On February 26, 2012, Trayvon Benjamin Martin was shot and killed by George Zimmerman. For those that spent the last seventeen months in solitary confinement, or aboard the International Space Station, Trayvon was returning home from a store carrying -what has now become the legendary details of this tragic event- a can of Arizona Iced Tea and a bag of Skittles when Zimmerman spotted him walking through the Sanford, Florida apartment complex where Trayvon’s father resided. Prior to Trayvon being shot with a Kel-Tec nine millimeter pistol loaded with hollow tip bullets, he was on a cell phone talking with his friend, Rachel “Dee Dee” Jeantel.

 

Rachel Jeantel was sworn in to testify in the second degree murder trial of George Zimmerman on June 26, 2013. While testifying, many people took to social media outlets to express their angst with the nineteen year old woman’s testimony. I was perturbed by how Black people responded to her demeanor and hesitance on the stand. In my own need to express my thoughts on the entire situation, I designed this poster using her image, quotes from her testimony, and entitled it, “Rachel DeeDee Jeantel, Mad Broken English”.

 

 

As a means of preemptive explanation for the title, as stated above, I was disturbed by how people immediately attacked the young sister for her choice of words. Now, I do not use the term “choice” loosely here. Rachel Jeantel was not on trial, nor did she want to be there. It might even be fair to say that her presence in the court that day was involuntary. I definitely feel safe writing that Rachel was obviously under duress while being asked to recall the elements of a phone call, the last conversation she had-or anybody else other than possibly George Zimmerman- with Trayvon , while being patronizingly interrogated in the standard Socratic method of these sorts of legal proceedings.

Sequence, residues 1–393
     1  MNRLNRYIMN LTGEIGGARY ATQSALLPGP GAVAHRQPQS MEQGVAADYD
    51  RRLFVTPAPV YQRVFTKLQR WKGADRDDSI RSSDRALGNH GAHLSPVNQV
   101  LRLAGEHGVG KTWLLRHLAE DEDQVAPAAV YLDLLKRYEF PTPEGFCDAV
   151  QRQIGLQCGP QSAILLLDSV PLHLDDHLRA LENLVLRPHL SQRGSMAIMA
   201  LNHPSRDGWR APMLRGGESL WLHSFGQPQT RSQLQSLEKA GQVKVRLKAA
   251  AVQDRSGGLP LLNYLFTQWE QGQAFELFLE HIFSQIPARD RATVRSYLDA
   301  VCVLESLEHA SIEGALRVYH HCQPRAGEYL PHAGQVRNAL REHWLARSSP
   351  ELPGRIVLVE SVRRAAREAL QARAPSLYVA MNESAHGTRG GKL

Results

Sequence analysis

The crass and demeaning statements typed by many reflect a lack of empathy on the part of those that made these comments, rather than indicia of her lack of education or even social status. However, I do believe that her presentation touches on how many Black people in this country feel a sense of trepidation when other Blacks choose a more culturally authentic posture when in the White public eye. In the graphic I designed, I choose the symbol “MAD”, not to make Rachel yet another “Angry Black Woman” in the media, but rather to point to a certain righteous indignation that I believe most critiquing her choice of posture might be overlooking. Namely, that she was upset; namely, that she was frustrated; namely, she possibly saw defense attorneys Don West and Mark O’Mara as who they were: the people hired to defend the guy that killed her friend, Trayvon.